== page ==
1.6 Leveraging Diversity for High Performance

Coming together is a beginning, keeping together is progress, and working together is success.

Project management is results-driven management that demands building high-performing teams to make strategic advancement. Diversity helps to build teams from a larger pool of professionals available to connect the right person with the right skills for the right task at the right time.

Team building is a process of evolving a group into a cohesive unit.

—Henry Ford

Winning is not always meaning being first, it means doing better than done before.

—Bonnie Blair

High performance is an outcome of clarity of achievement known to each team member and their level of engagement in the task or purpose.

High-performing teams have two key drivers: achievement and engagement.

In relation to achievement, these teams are clear on their strategy, meet and/or exceed their KPIs and goals, and have higher levels of innovation. In relation to engagement, these teams have a high level of morale and teamwork and know how to support, encourage, and motivate one another in order to achieve their goals.

High-performing teams not only understand how to reach a high level of achievement and engagement but also understand and strive for a balance of focus across both factors. When a team is too focused on achievement, team members report lower job satisfaction and morale due to the absence of interpersonal relationships and support from their team members. In these circumstances, team members report a feeling of isolation despite being part of the team, as each team member is so focused on outcomes that they lose the ability to relate and bond with other team members.

Conversely, when a team is too focused on engagement, team members may report high morale and an elevated level of social networking and activities. But outcomes and results may be lower, which in turn increases management focus on the team performance and the party eventually comes to an end. In these circumstances, morale quickly nosedives and team conflict and dysfunction emerge as pressure to deliver results is increased.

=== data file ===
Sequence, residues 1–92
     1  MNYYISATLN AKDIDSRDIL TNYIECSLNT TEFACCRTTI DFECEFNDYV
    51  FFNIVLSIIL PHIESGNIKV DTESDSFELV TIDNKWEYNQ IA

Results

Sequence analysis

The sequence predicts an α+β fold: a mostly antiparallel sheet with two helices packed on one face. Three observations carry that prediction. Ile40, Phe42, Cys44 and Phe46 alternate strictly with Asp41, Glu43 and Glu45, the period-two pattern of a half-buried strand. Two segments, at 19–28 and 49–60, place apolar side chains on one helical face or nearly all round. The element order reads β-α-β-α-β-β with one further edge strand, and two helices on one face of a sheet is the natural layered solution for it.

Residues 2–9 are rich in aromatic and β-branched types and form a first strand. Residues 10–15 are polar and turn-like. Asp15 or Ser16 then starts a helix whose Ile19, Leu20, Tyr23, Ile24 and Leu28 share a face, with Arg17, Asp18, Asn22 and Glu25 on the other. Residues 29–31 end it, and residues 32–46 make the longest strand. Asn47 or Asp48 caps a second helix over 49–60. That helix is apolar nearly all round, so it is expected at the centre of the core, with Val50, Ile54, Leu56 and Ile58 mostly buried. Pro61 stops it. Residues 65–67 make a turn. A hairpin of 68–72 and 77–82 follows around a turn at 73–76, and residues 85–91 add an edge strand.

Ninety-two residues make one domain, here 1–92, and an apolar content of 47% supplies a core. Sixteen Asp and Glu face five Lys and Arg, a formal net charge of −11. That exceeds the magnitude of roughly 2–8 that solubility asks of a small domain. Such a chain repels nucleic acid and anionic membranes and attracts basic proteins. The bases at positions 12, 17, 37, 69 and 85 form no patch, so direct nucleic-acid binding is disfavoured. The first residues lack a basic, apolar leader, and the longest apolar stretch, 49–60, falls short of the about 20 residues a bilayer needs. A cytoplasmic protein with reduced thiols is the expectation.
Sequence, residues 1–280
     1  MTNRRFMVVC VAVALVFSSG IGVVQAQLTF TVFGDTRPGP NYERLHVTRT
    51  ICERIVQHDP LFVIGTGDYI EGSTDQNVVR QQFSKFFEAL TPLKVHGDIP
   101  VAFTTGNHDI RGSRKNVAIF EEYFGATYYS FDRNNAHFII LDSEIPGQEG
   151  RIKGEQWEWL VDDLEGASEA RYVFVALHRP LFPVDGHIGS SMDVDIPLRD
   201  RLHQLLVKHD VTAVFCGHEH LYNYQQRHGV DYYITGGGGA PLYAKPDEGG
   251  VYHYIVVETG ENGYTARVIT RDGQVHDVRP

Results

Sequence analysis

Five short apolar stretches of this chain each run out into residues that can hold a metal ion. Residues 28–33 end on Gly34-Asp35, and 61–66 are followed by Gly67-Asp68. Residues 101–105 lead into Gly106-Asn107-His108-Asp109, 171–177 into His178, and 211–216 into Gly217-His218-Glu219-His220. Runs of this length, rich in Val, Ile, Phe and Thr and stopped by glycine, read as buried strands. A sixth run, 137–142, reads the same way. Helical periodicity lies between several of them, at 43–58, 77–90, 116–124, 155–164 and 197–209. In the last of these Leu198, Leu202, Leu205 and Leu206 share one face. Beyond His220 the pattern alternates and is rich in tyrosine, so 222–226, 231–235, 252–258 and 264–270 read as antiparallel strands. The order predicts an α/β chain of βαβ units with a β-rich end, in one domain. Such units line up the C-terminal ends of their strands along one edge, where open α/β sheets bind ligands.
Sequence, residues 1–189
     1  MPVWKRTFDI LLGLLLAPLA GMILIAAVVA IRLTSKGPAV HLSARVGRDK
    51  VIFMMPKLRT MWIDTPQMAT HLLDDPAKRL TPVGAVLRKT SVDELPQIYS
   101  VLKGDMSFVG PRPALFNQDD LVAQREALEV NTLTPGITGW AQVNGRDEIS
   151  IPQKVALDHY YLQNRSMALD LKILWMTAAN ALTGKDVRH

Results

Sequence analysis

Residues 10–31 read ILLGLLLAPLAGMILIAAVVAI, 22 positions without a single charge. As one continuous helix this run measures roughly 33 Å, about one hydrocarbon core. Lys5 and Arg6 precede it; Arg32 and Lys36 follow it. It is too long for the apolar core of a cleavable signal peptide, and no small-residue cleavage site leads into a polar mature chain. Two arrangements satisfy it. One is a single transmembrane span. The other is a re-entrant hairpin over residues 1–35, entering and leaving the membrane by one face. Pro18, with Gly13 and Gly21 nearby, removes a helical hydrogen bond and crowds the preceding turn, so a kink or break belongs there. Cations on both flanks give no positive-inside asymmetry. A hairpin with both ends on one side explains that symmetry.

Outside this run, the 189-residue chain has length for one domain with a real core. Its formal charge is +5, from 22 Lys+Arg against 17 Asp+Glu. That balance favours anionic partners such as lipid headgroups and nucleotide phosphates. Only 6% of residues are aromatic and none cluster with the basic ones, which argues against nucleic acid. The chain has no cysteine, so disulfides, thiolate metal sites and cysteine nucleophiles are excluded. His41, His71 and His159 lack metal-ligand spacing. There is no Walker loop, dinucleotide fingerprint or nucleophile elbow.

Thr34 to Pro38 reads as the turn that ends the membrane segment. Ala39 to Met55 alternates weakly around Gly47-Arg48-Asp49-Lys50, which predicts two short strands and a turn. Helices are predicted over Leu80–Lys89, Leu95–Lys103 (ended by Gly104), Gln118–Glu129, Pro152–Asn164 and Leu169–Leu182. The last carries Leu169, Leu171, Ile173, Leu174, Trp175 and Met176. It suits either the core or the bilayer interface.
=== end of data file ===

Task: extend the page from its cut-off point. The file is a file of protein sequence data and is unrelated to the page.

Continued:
1.7 Maintaining the Strengths of Diversity

The following text has been adapted from

Consistent with commitment to equal opportunity, there remain strives to maintain a positive climate for work in which relevant factors such as ability and performance are the bases for decisions relating to placement of an individual team player. Managers are responsible for maintaining an environment that supports equal opportunity. The managers need to understand and incorporate policy and guidance on equal opportunity and affirmative action programs, and to create and manage diversity in the workplace.

How to Create and Sustain a More Diverse Workforce?

The following text has been adapted from CAI (2016):

In 2013, Harvard Business Review conducted a survey of 1800 professionals that found a striking correlation between diversity and innovation in the workplace. The study examined what it terms “two-dimensional diversity”—which encompasses both inherent diversity, or traits you are born with such as gender and ethnicity, as well as acquired diversity, involving traits you gain from experience. The study referred to companies whose leaders exhibit at least three inherent and three acquired diversity traits as having two-dimensional diversity, and found that those companies with 2-D diversity out-innovate and out-perform others.

In fact, employees at these companies are 45% likelier to report that their firm’s market share grew over the previous year and 70% likelier to report that the firm captured a new market.

Though it may sound intuitive, the evidence for the business case for workplace diversity is significant. Along with carrying the obvious social value of creating a more inclusive, tolerant workplace, diversity in the office really can improve profits and your bottom line, as evidenced above.

Of course, most HR professionals don’t need to be told that diversity is important to the workplace, as they are most likely aware of its many benefits. Where many in HR may struggle with the process, however, is how to get started on tackling diversity initiatives with limited time and money. That’s where we’re here to help. By dividing the process into these easily digestible phases, you’ll not only be able to quickly lay the groundwork for a more diverse workplace, but also put your office on a path to sustaining this diversity going forward as shown in Figure 1.8.

Selection and Hiring

To create a truly diverse workplace, you have to start at the beginning. Hiring people with different backgrounds may be an obvious way to improve diversity, but it takes a conscious effort to broaden recruiting efforts to reach those candidates. Here are a few ideas as to where to start this process: